One of the key observations from aging research in the past two decades is that some of the genetic pathways that modulate lifespan do so in multiple organisms, including yeast, worms, flies and rodents. This gives real hope to the possibility of translating the findings from invertebrate research to humans. Research in rodents allows a closer look at changes in age-related pathologies with these interventions, providing a model for dissecting the genetic pathways that modulate mammalian age-related diseases. As described earlier, a number of studies from invertebrates have demonstrated that genes in the TOR signaling pathway may play an important role in mediating the effects of DR in yeast, worms and flies. Although it remains to be seen whether the TOR pathway also mediates the effects of DR in mammalian species, some recent reports suggest that it may indeed be involved in slowing aging and age-related pathology in mammals.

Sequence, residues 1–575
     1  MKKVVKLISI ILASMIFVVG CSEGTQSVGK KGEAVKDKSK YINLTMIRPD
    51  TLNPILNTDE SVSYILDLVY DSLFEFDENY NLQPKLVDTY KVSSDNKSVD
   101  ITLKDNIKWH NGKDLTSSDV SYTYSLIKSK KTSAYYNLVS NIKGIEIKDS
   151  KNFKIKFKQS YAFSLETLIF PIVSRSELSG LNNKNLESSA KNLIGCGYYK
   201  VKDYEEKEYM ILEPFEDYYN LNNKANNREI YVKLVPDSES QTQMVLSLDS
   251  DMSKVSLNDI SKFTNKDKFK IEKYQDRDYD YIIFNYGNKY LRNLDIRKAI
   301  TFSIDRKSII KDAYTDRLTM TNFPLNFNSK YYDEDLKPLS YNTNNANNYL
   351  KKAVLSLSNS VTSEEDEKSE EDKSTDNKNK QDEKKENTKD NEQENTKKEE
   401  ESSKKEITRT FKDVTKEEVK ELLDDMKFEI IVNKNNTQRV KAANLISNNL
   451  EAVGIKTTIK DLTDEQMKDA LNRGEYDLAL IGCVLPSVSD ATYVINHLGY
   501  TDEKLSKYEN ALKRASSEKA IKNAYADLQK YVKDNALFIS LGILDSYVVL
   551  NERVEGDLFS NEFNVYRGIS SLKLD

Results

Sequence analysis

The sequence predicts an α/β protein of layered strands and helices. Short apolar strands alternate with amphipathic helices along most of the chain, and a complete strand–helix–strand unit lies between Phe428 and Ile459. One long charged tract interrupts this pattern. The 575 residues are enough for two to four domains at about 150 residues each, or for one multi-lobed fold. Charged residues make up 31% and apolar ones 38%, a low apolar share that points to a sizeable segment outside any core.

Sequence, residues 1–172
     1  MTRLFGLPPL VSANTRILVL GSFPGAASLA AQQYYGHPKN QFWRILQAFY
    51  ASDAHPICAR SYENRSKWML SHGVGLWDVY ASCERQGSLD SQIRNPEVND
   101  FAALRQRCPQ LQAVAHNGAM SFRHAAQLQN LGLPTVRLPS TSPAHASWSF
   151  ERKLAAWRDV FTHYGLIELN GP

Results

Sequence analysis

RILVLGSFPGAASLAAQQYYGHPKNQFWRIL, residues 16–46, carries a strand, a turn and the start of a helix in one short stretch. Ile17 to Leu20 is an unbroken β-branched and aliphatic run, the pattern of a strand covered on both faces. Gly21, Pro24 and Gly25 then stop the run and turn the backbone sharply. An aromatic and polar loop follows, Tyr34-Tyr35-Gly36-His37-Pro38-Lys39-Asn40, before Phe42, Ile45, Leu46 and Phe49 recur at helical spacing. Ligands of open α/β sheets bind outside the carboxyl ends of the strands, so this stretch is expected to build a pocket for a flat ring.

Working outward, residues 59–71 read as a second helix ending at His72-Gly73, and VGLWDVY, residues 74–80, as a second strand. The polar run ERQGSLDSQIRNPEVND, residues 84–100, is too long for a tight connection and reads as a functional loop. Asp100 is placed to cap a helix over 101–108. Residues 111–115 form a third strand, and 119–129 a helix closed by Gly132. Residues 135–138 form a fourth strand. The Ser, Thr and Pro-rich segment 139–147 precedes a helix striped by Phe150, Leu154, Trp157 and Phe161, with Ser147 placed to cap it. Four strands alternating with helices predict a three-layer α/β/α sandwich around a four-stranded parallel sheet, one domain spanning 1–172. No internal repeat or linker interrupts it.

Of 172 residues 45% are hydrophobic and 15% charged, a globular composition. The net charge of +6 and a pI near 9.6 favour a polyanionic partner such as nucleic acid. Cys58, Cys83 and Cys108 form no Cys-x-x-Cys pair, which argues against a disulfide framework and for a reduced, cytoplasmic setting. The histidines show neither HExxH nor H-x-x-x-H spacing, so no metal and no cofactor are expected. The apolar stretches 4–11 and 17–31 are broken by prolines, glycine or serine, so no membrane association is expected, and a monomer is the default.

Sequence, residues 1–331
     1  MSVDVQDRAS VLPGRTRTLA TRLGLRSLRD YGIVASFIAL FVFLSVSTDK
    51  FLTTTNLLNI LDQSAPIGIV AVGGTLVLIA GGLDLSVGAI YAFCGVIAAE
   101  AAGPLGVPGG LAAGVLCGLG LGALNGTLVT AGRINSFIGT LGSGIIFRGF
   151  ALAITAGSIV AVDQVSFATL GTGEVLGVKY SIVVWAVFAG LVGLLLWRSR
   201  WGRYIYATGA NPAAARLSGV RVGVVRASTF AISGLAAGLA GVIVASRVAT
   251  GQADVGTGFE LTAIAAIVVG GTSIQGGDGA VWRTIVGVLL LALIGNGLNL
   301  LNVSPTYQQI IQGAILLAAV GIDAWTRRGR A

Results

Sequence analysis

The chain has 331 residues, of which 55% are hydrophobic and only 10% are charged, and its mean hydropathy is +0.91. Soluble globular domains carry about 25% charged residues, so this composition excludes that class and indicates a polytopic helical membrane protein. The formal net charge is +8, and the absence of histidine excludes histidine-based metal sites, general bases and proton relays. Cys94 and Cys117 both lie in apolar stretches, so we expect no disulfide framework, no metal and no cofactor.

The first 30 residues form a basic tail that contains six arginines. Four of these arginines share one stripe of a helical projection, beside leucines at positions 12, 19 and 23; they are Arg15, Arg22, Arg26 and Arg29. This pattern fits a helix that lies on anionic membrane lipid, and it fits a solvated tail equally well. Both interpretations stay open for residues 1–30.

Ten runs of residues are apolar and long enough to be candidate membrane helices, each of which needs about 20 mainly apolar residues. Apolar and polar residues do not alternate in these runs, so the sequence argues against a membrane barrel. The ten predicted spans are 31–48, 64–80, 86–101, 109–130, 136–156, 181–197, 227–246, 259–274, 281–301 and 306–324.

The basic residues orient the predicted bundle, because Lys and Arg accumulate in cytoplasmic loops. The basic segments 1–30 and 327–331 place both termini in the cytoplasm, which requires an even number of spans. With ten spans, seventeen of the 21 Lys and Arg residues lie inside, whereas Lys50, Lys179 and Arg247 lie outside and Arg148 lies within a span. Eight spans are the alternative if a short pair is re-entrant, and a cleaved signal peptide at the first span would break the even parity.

Selman et al. (2009) showed that mice lacking S6K1, which encodes the p70 ribosomal S6 protein kinase, show a 20% extension in the median lifespan of females, although no significant extension was seen in males. S6K1 is a downstream target of both the TOR and insulin signaling pathway (Shamji et al., 2003). Prior studies in yeast, worms and fruit flies have demonstrated that decreased activity of mTOR and S6K1 homologs is sufficient to increase lifespan in each of these species (Fabrizio et al., 2001; Kapahi et al., 2004; Hansen et al., 2007; Pan et al., 2007), establishing S6K as a key modulator of aging in both invertebrate and now vertebrate species. Selman et al. (2009) also found that deleting S6K1 protects against age-related decline in motor, bone and immune dysfunction and increases insulin sensitivity at old age in mice. They showed that AMPK activity is enhanced in isolated hepatocytes from S6K1-deficient mice as well as in worms lacking S6K (Selman et al., 2009). The enhanced longevity resulting from loss of S6K in C. elegans was dependent on the nematode AMPK subunit encoded by aak-2 (Selman et al., 2009). Furthermore, aak-2 mutants also rescue the body size and fecundity defects of S6K mutants in C. elegans (Selman et al., 2009). AMPK plays a central role in integrating energy balance with metabolism and stress resistance and has been previously implicated as a longevity factor and modulator of DR-dependent lifespan extension in C. elegans (Apfeld et al., 2004; Greer et al., 2007; Greer & Brunet, 2009). Identifying mechanisms by which AMPK may be responsible for the effects of S6K on both growth and lifespan remains an important question and has been discussed elsewhere (Kaeberlein & Kapahi, 2009).